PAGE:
SELF TORTURE's "Dead Center" is the sound of rage, no two ways about it. The style is unequivocally hardcore with a sharp metallic edge that turns otherwise standard hardcore fare (albeit, the "true" kind) into something a tad more engrossing. A very tight and full mix, courtesy of Erkan Tatoglu, that gives the riffs a concrete thickness and the drums a natural, hard-hitting sound helps a lot too. And have I mentioned that this very American-sounding band is from Ankara, Turkey?
On first blush and without paying too much attention, "Dead Center" will remind most of bands like TERROR and HATEBREED, as well as similar acts that play unfiltered metallic hardcore that is as much about feeling as notes played. As a straight hardcore album, "Dead Center" would have been a fine album in its own right, perhaps nothing earth shattering, but a good listen nonetheless. Listening more closely one begins to understand that death metal is an influence as well. It is no coincidence that the band members pictured in the booklet are wearing shirts by IMMOLATION, DYING FETUS, and CANNIBAL CORPSE. You will not hear the influence in the barking vocals of Mehmet Stevenson though; his stern delivery reminds more of Scott Vogel (TERROR) and Jamey Jasta (HATEBREED). It is in the riffs of guitarist Cenker Yilmaz, as well as the arrangement twists, that the death metal influence becomes most apparent, often when the band leaves a FIRST BLOOD style tempo and begins the metallic speed killing in earnest. You'll also hear it in the string-bending bits of "Yesterday's Picture" and the death/thrash hints in the licks of "Balance". The spoken-word section on varied album-closer "Stilldown" is one more demonstration of the band's command of nuance. On the whole, SELF TORTURE mixes up styles quite nicely, even though "Dead Center" is still a hardcore album above all else.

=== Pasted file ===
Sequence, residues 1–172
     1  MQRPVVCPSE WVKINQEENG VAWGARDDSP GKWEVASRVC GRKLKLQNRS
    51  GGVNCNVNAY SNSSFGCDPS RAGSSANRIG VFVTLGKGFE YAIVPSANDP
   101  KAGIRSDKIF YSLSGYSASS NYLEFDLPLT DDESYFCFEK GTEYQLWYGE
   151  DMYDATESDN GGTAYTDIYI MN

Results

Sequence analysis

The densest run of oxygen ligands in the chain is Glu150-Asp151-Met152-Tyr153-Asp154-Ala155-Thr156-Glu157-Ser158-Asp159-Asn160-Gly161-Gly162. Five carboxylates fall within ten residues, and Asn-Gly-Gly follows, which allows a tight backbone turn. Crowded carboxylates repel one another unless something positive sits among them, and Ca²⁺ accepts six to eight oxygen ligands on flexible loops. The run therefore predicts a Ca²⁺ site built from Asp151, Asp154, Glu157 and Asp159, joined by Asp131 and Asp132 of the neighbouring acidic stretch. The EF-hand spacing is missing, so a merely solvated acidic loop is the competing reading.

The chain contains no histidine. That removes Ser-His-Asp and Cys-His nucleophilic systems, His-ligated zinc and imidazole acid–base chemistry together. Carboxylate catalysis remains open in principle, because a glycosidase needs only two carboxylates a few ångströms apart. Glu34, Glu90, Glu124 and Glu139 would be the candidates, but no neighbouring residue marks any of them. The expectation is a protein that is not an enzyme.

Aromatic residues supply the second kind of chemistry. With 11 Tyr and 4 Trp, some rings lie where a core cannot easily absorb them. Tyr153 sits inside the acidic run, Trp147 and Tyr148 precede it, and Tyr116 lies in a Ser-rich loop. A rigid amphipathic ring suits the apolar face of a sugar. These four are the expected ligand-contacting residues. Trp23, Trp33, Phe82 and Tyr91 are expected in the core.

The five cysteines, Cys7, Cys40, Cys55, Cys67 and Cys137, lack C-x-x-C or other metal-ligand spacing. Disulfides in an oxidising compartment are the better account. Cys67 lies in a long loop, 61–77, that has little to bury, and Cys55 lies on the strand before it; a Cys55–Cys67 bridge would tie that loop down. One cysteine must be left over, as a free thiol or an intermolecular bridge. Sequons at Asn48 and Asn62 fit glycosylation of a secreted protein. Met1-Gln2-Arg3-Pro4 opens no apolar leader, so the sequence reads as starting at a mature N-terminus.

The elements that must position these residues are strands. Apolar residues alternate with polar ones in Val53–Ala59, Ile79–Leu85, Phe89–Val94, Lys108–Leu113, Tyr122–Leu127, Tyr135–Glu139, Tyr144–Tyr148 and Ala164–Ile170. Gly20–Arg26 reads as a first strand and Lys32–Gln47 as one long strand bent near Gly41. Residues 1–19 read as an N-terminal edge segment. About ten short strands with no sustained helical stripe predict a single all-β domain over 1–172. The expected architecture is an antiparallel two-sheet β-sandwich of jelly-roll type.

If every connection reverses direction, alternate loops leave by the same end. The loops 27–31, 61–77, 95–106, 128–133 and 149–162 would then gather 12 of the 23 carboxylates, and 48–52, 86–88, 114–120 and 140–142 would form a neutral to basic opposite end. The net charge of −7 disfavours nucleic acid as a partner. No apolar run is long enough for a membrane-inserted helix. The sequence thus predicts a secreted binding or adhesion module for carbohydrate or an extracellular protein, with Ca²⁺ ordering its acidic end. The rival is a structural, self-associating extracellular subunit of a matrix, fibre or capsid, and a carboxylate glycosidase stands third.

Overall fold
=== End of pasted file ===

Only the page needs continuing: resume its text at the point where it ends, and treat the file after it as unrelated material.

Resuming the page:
In short, "Dead Center" works as an album of hardcore aggression with songwriting that still has some room for improvement, but still gets the job done. As for the act's origin, it just goes to show that heavy music is an international phenomenon, probably one of the only common loves that transcends religion and politics, drawing people closer together in the process. It's the language of heavy; let's hope more people learn it.